Also known as Den Haag, The Hague is the political heart of the Netherlands and plays no small part on the global stage as the International Court of Justice is also based here. While the city may not have its youthful finger on the pulse quite like Amsterdam, we think that’s what makes it such a great destination after a foray in the capital. Set on the seafront, The Hague offers coastal charm (catch the sunset from Scheveningen Pier for a sort of romance even the capital can’t offer), modern marvels in its business centre and plenty of history in its town squares. So even if there is a notable lack of neon lights and tourist traps, there is plenty of charm to this city, as well as a few coffee shops if you acquired a taste for them back in Amsterdam.

The train from Amsterdam to The Hague takes between 40 – 50 minutes and passes through Leiden which is a detour we highly recommend.


If the capital is all a bit too buzzy for you, try Leiden, a city with all the canal-side charm on a more intimate scale. Bursting with historical beauty, things to do in Leiden centre around the stunning architecture that dates back centuries. Start at the Hortus Botanicus Leiden, the city’s botanical gardens and one of the oldest in the world. If you took the train from London to Holland via King’s Cross St. Pancras, you might want to visit the fifteenth-century Hooglandse Kerk in the knowledge that it was built in honour of St Pancras (and as train geeks we thought that was cool). Despite its many aged attractions, Leiden is actually a fairly youthful city, with a thriving student population that gives it a lively atmosphere at night so you can end your day of history with a bit of modern clubbing.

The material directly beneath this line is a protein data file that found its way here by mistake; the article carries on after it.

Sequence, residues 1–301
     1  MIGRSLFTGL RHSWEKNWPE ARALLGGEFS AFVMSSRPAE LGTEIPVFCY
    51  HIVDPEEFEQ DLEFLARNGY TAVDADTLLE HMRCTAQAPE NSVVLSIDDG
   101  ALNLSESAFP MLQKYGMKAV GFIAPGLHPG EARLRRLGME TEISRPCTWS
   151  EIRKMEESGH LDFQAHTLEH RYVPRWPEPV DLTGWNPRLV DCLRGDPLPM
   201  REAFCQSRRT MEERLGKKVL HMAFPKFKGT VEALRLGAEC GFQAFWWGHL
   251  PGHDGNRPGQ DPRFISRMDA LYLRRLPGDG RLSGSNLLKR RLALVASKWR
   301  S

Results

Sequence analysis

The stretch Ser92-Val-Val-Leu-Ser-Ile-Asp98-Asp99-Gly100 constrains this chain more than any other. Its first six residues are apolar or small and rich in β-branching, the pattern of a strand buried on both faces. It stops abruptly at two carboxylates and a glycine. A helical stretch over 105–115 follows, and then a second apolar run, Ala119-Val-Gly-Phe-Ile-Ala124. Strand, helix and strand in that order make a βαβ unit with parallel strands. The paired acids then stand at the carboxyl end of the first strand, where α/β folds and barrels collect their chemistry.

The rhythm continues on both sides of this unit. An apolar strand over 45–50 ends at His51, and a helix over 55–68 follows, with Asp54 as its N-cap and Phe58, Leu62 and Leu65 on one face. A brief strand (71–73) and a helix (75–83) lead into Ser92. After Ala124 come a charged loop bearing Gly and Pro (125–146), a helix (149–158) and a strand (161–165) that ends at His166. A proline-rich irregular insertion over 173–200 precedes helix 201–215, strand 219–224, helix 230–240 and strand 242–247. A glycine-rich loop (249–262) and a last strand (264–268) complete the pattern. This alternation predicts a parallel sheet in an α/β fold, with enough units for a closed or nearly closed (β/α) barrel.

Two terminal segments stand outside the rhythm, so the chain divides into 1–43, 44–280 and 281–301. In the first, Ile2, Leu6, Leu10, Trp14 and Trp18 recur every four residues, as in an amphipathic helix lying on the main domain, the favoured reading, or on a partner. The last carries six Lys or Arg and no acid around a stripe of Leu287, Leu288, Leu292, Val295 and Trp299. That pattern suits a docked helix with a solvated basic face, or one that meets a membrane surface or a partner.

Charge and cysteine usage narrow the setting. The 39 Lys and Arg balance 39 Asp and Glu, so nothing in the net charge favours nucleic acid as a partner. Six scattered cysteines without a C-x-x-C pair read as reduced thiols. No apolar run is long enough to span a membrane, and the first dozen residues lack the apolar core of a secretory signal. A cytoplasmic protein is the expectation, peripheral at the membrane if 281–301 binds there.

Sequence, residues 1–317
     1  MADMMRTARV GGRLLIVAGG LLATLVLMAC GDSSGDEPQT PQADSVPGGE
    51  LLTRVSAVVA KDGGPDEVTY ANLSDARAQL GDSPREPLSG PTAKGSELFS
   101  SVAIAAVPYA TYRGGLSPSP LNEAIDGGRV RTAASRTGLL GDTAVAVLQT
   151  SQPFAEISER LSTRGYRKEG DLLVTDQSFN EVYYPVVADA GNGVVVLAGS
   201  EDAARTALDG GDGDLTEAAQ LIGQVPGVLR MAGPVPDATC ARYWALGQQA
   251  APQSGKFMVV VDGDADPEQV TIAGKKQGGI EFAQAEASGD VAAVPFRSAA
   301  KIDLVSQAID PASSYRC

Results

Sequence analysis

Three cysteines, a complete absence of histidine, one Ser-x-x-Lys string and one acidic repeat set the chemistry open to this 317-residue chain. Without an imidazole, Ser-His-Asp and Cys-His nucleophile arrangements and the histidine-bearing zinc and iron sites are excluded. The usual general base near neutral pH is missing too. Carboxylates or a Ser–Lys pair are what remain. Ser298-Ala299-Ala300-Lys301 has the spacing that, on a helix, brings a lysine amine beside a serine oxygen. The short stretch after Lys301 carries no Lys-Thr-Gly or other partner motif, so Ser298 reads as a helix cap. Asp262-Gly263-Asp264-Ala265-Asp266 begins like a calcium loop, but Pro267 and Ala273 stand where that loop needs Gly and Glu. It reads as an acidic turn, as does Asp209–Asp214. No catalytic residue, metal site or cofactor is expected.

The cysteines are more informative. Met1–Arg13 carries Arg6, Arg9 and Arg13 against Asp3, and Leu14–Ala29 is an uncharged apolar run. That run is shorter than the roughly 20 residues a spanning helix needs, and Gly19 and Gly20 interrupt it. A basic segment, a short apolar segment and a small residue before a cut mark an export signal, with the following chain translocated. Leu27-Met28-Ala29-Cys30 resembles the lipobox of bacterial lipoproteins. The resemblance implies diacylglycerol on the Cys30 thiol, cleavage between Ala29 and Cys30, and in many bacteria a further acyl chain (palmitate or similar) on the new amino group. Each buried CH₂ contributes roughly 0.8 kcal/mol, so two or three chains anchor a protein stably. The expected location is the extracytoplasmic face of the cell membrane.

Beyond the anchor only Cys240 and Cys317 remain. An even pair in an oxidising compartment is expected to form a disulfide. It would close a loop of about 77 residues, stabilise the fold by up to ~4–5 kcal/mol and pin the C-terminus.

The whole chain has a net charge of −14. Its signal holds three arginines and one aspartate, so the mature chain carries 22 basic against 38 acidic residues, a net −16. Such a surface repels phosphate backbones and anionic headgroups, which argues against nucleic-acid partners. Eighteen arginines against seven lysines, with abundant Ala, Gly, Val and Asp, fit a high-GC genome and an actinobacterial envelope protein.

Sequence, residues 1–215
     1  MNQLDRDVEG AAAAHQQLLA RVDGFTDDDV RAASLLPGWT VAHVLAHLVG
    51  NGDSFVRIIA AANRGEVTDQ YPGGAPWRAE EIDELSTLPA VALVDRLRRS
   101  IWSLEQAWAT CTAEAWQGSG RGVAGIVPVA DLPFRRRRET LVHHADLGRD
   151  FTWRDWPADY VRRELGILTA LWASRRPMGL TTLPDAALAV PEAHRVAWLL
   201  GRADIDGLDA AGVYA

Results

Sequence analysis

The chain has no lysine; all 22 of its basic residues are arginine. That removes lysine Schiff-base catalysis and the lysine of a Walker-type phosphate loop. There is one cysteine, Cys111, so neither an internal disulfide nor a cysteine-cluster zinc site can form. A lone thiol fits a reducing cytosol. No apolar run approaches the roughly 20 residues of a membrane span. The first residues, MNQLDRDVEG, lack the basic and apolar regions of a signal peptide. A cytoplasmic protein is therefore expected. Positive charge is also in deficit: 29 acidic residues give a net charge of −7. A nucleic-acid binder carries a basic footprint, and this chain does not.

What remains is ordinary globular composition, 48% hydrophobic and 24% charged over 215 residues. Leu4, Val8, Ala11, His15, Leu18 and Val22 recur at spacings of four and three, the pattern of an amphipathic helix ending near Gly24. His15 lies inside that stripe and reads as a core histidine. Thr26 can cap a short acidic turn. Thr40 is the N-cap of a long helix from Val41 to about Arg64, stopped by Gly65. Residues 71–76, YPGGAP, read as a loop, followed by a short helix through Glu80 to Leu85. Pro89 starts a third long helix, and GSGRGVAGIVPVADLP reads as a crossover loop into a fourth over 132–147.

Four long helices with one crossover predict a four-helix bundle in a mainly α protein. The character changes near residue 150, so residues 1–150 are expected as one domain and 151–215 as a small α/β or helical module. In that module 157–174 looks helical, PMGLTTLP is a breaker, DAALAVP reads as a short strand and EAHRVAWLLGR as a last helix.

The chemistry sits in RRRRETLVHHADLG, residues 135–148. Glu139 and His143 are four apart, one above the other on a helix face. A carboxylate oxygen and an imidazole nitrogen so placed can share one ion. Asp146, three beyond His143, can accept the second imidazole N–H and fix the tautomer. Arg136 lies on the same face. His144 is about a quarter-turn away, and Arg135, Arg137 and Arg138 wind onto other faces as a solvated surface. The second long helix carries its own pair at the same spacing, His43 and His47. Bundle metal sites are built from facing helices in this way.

Get to Leiden from Amsterdam by train, an easy 40-minute ride.


After you’ve taken in Leiden and The Hague, what’s one more stop on your Holland holiday? The Hague to Rotterdam by train takes just half an hour, so there’s no reason to skip it if you wanting to take in the best of the Netherlands.

Contrary to popular belief, Rotterdam couldn’t just be anywhere (but belting out the tune as you disembark your train is forgivable), it’s much too unique for that – as proven the second you arrive by the ultra-cool design of the station. Keep on the theme of awe-inspiring architecture and head to the Cube Houses, a mind-bending development that looks like someone has wedged colourful toy blocks between apartment buildings and a photographer’s delight. Take in the views from the Euromast, an observation tower that stands at 185 metres tall, but don’t worry about climbing up endless stairs, the lift can get you to the top in a mere 30 seconds. If you want a more adventurous route back, you can try abseiling down!

You can take the Eurostar from London to Rotterdam direct if you want to start your journey up towards Amsterdam rather than working your way down, or if you just (gasp) want to visit the one city alone, it’ll take a little over 3 hours.

The windmills

Windmills and tulips, Holland's timeless icons, are an essential sight for any visitor to the Netherlands. For this, we recommend Kinderdijk, a UNESCO World Heritage Site that boasts not one, not two, but nineteen charming windmills to admire, all in easy reach of Rotterdam too. These amazing structures have been spinning away for over 1000 years, making the landscape a uniquely beautiful sight and making the area one of the most photographed spots in the country. A waterbus will carry you to Kinderdijk from Rotterdam for a picturesque way to reach the area.

Well, we’re pretty sure it’s a done deal after that round-up of awesome destinations, but if you’re still not all booked up for an awesome Amsterdam city break or an all-out rail tour of the country, head to our booking pages and secure yourself a European adventure!